This Crisis Map of Haiti represents the most comprehensive and up-to-date crisis map available to the humanitarian community. The information here is mapped in near real time and gathered from reports coming from inside Haiti via:
Volunteers at the Fletcher School's Situation Room are mapping about 50% of the reports 24 hours a day. The other 50% of reports come from the Ushahidi team and volunteers around the world. Each report is first read at least once by Situation Room before being published on the map. This Ushahidi deployment represents a joint initiative with members of the International Network of Crisis Mappers (CM*Net). All this information published under Creative Commons License (Attribution-NonCommercial-ShareAlike).
All reports are available on the map and under the reports section. Here is a Google Spreadsheet of the data (as of Friday, January 15, 8PM EST).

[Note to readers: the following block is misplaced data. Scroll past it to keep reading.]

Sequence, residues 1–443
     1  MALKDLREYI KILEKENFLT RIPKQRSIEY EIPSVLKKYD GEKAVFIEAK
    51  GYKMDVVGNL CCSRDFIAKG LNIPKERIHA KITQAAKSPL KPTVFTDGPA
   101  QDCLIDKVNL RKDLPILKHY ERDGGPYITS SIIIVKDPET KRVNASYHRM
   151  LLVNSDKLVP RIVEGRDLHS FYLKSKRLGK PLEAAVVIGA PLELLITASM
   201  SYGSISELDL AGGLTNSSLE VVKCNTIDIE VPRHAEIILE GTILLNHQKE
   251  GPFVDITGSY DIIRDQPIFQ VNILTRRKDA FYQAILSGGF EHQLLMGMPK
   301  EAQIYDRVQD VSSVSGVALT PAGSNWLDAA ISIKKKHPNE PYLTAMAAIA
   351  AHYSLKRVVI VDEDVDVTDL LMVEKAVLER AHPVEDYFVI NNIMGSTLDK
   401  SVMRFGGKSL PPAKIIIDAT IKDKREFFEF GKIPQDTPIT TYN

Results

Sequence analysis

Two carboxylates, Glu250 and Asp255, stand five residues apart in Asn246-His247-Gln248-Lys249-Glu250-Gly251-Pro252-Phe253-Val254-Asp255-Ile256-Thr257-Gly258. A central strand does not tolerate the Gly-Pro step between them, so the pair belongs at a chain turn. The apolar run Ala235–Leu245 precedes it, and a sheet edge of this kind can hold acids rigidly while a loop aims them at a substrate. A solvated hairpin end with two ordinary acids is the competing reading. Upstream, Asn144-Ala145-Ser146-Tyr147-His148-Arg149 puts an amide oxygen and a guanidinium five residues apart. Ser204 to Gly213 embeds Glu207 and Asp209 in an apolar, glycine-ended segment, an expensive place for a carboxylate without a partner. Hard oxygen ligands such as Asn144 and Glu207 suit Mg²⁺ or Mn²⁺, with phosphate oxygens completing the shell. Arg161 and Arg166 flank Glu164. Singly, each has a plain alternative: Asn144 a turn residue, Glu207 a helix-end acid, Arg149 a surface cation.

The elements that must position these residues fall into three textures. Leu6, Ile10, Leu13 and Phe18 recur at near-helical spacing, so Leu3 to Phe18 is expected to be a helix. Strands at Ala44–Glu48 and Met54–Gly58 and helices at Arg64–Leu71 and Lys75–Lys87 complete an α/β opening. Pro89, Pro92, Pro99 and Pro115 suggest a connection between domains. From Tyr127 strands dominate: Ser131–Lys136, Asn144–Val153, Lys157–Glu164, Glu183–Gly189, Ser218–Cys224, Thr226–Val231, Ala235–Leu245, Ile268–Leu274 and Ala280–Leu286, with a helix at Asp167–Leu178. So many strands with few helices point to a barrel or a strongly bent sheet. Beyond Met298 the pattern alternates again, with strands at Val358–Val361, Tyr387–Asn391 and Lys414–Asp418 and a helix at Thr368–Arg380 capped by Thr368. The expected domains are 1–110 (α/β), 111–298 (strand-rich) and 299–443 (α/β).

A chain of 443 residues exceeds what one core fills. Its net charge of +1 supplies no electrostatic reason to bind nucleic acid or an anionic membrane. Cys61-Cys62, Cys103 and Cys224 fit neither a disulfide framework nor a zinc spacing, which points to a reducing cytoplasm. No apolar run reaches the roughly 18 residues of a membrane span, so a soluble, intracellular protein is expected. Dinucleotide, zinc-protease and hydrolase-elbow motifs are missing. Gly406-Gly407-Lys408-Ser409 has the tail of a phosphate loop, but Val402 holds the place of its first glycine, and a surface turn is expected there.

In this episode of Boing Boing Video, I speak with Haitian-American blogger and sustainable tech development activist Catherine Lainé (photo at left from earlier this year). She was working in Haiti when the catastrophic earthquake struck earlier this week. Catherine spoke to us via Skype video from Cap-Haïtien, where she is working out of a space shared with AIDG (Appropriate Infrastructure Development Group) and a kindred nonprofit known as SOIL.
Now you can send your tweets directly into Evernote. Why is this cool? Because Twitter is chock-full of great stuff. Your ideas, thoughts, and experiences mixed together with all of the content from the people you follow: journalism, storytelling, commentary, activism, even comedy –to quote Rob Corddry, “It’s the perfect joke-writing medium. If you need more than 140 characters then it’s not worth it.”